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keithburgun

Administrator
Staff member
#13
Why? Can you justify this? I have heard you make this claim a lot, but never an actual justification that didn't beg the question by assuming that binary goals were superior to start with.
I don't know, I feel like it's obvious that a strategy is with respect to a certain, specific goal. I actually feel like you should have to demonstrate that a strategy is directed towards "a certain goal, or more". Take any task. Let's say I hire you to dig 100 yards of ditch in front of my house or something. If you come up with a strategy for doing that and you end up digging 200 yards of ditch, am I supposed to reward you more for that? Or did you fuck up colossally? Probably could think of other examples that are even better than this, but hopefully you get my point that more is not always better.

(Kind of a side note, but I wonder if there's this weirdo capitalist "consuuuuuuume" brainwashing thing that might be related to this - just we're all obsessed with more more more and always sees more as better, in every context.)
 

keithburgun

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Staff member
#14
'the shop'. The different tools on sale have different prices, which is effectively telling you how good the designer thinks they are and challenging you to do math all the time and prove them wrong!
ETO's shop has randomized items which then get a generated "balanced" price, and then that price is slightly randomized.
 
#15
Hard to say without seeing it but I think for me it might have the same (subjective) problem. I.e. as the player learns the game they will need to work out numbers in their mind for what they think sword and other things are really worth, so that they can decide what things the shop is offering a good or bad deal on this time round. But having the price be part of the random gen context of a match definitely seems better than it being fixed.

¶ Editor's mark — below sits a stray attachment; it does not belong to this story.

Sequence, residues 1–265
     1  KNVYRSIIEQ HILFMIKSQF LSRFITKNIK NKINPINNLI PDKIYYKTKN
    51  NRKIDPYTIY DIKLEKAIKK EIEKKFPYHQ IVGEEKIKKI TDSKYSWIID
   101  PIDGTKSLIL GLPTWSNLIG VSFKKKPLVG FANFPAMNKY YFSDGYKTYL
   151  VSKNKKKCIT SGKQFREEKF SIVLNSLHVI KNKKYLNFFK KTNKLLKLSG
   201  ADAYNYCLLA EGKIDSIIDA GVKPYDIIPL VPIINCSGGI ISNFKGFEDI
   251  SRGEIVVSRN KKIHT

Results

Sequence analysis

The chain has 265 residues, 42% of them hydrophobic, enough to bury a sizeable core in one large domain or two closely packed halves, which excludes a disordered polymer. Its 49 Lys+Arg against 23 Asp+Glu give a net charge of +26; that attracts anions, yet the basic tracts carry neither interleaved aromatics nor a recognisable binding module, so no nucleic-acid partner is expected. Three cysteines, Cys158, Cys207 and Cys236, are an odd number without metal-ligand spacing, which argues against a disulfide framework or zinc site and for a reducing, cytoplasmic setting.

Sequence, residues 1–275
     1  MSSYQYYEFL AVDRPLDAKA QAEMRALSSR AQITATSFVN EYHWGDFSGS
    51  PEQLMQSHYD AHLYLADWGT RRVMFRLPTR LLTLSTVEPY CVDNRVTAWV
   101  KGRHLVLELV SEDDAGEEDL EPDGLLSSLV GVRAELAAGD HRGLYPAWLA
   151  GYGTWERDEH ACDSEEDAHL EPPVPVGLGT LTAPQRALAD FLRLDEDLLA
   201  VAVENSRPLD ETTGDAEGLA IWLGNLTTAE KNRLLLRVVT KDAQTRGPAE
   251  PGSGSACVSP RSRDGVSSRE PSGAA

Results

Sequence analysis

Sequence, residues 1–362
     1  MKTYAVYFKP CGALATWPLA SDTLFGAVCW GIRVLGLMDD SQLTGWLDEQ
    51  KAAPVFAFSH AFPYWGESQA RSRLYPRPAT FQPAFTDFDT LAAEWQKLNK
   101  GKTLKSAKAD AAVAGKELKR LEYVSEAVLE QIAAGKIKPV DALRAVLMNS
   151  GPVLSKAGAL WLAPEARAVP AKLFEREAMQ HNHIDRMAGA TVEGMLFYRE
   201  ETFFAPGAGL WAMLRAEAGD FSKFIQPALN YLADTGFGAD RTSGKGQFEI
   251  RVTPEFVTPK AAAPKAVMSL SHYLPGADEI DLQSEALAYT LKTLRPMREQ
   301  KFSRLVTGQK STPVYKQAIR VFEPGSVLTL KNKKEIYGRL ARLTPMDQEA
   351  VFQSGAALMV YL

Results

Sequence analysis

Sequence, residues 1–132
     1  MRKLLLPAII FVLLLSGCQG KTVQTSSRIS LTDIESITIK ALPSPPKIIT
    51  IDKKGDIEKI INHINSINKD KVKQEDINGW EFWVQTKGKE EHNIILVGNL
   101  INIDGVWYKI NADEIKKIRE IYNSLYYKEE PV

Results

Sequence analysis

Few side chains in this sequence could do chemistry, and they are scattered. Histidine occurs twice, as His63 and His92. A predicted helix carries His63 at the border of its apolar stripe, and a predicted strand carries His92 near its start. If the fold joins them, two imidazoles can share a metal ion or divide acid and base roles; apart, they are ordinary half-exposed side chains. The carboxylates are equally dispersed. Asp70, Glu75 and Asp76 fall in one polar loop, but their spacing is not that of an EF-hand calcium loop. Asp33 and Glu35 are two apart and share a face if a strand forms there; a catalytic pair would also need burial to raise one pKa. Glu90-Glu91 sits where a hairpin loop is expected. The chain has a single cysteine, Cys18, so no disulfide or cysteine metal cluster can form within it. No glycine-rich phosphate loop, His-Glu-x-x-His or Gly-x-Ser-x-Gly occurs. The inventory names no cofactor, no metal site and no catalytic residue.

IDK I think this is probably a personal taste thing, so might be best not to derail the par/goal discussion. As Bucky remarked on discord it's hardly a big deal to do some simple math to evaluate a trade-off. For me though I'd rather keep it away from any kind of numbers as much as possible. I want all the players! ALL OF THEM! Even the ones who are freaked out by even the tiniest hint of math in daily activities. (Which is a lot of people!)
 
#16
I actually feel like you should have to demonstrate that a strategy is directed towards "a certain goal, or more".
That isn't my position, I have no idea where you are getting that from. I am not saying that "more is always better", I don't even think that's a meaningful claim. What is "better" in a system is defined by the judgement the system provides: In a binary system wins are better than losses, all wins are equivalent to all other wins, and all losses to all other losses. In a score system, a score A is better than a score B if A>B, and equal scores are equivalent.

If a binary system has the goal "have exactly 10 points after 20 turns", and I have 11 points after 20 turns, I have failed. Alternatively, a system could have the goal "have 10 or more points after 20 turns", in which case having 11 points after 20 turns would be fine. Both of these are valid systems.

It's funny that you give that ditch digging example, because it seems clear to me that in that situation a binary judgement is a bad idea. If you asked me to dig you 100 feet of ditch, and I end up digging 101 feet, would you tell me "YOU FAILED" because I didn't get exactly 100 feet, or would you tell me "you were 1 foot off"? The latter is clearly more useful, for exactly the same reason a score is more useful than a win/loss bit.
 
#17
Having a win/loss goal doesn't rule out more detailed information about the end state. 'Game over. You lost by digging the ditch 1ft too long'. 'Game over. You lost by digging the ditch 100ft too long'. 'Game over. You won by sacrificing a knight to isolate the king and mating with two unusually mobile rooks'. 'Total control of the top lane'. 'Collecting a lot of berries early game compared to late game, according to this time distribution graph (game displays graph)'. Strategy games actually could do more to try and break down the match like that. In some games you can watch a replay.
 
#18
I think if you design a game with a good match length arc that really makes sense and works then you should use binary win-loss. But, I think there's a lot of potential games that have really good mid-size arcs, that are strategic in nature (especially when constrained by a fairly simple match length arc) and for those game we should use par-like systems.